Inspirational is a word heard a lot when talking about Kendra, and it comes not only from her players but also from the coaches who have worked alongside her. Zack Alvidrez will take over as director of athletics when Kendra retires and said he plans to build on her legacy of being both a competitive coach and a compassionate one. And he is glad that she will continue to coach volleyball so he can continue to watch and learn. 

“I love watching her on the sidelines when she’s locked in and chomping on her gum,” he said. “But you know that while she’s pushing her team to be competitive they all know they have an ally in her and that she will always be there for them.”

Assistant volleyball coach and health and wellness teacher Lauren Carpenter also enjoys watching Kendra on the sidelines as she balances her competitive drive with her desire to foster skills and build confidence. “Kendra, almost to a fault, will leave kids in because she’s so optimistic they are going to get it right,” she said. “I think the thing that sets her apart from a lot of coaches is that she sets her ego aside. She wants to win; she’s a competitor. But she would never put a win over the kids loving and enjoying the game.“

The love of the game was and is the most important thing for Kendra. If she saw an athlete who wanted to play, she worked to make sure they could. It wasn’t always an easy task, but it was one she was willing to take on. 

Rowland Hall owes a huge debt of gratitude to Kendra. We are lucky to have had her here for 32 years, and we are even luckier to see the impacts of her work for decades to come.—Mick Gee, head of school

“There is no question that female athletes are now treated more equally in the state of Utah because of Kendra,” said former Head of School Alan Sparrow. “She was a real force inside the Utah High School Activities Association, where she was incredibly diplomatic with people who weren’t always open to hearing the need for promoting women’s sports.” 

Now that Kendra is retiring from her role as director of athletics, she plans to spend more time enjoying athletic pursuits instead of organizing and overseeing them. She said she’s looking forward to long hikes, playing golf, going for bike rides, and reading books that have nothing to do with sports or sports psychology. She also will still be on the sidelines coaching volleyball and softball, creating the next generation of not just great athletes, but people the world needs. 

“Rowland Hall owes a huge debt of gratitude to Kendra,” said Head of School Mick Gee. “We are lucky to have had her here for 32 years, and we are even luckier to see the impacts of her work for decades to come.”


Editor's note: Please review this year's Fond Farewells for a full list of departing faculty and staff.

People

Kendra Tomsic: Coaching Students to Win at Life

Rowland Hall Director of Athletics Kendra Tomsic loves sports and wants other people to love them too. 

“I’ve always loved sports. I knew from a very young age that this was what I wanted to do. Not be an athletic director—I didn’t know what that was—but I knew I wanted to be involved in sports in some way,” Kendra said. “I’m a pre-Title IX woman so at that time to even want to go into a profession that was related to sports was a pretty big deal.”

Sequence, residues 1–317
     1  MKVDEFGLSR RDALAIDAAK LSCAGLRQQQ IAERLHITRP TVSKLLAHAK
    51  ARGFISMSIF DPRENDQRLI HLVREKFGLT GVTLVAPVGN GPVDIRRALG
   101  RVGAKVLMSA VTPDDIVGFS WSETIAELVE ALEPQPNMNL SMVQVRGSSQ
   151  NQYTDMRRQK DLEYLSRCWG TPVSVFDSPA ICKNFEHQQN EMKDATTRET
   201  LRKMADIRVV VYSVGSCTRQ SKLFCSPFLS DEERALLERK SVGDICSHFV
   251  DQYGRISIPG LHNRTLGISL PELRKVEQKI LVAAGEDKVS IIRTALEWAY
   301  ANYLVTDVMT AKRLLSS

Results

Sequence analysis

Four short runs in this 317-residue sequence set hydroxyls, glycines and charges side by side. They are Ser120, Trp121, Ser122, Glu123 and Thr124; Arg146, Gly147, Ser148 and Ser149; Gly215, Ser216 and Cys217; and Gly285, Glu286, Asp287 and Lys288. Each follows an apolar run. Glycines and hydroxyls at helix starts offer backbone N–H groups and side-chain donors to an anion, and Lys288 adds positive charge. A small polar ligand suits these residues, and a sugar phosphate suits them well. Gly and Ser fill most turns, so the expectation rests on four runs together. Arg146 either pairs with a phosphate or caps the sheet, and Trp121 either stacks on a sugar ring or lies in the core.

Kendra made it her mission to get as many people involved in sports as possible. She expanded the Athletics Department to include more sports and recruit more kids to play them. She pushed for more inclusion in athletics at the state level. She also worked to make it clear that sports aren’t just about winning and losing, but how they shape you as a person.

In the course of her career, Kendra has made it her mission to get as many people involved in sports as possible, and for them to reap the benefits that come from being an athlete. Over her more than three decades at Rowland Hall, she has expanded the Athletics Department to include more sports and recruit more kids to play them. She pushed for more inclusion in athletics at the state level, working tirelessly to expand options for those who want to play. Kendra has also worked to make it clear that sports aren’t just about winning and losing, but how they shape you as a person. 

“The focus wasn’t on banners and trophies,” she said. “They’re nice and we loved getting them, but the focus was on developing kids that could go out into the world and be contributing adults.”

Unsurprisingly, banners and trophies are not the first thing Kendra’s former players bring up when asked about her either. In fact, they are hardly mentioned at all, though there are plenty of them hanging on the walls of the gym and stacked in cases around the school. Kendra’s former volleyball and softball athletes would rather discuss the life lessons Kendra taught them than the games she helped them win. 

“She cared about you not only as an athlete but also as a person,” said former volleyball player Robyn Jensen ’02.  “She was invested in developing my skills both on and off the court. Above all she wanted me to be a good person.”

Kendra not only built strong players, but strong people as well. “​​She taught me the value of putting in the hard work and celebrating regardless of whether you win, and learning from the times that you don’t,” said volleyball player Becky Webster ’03.

Kendra Tomsic with Rowland Hall's volleyball team.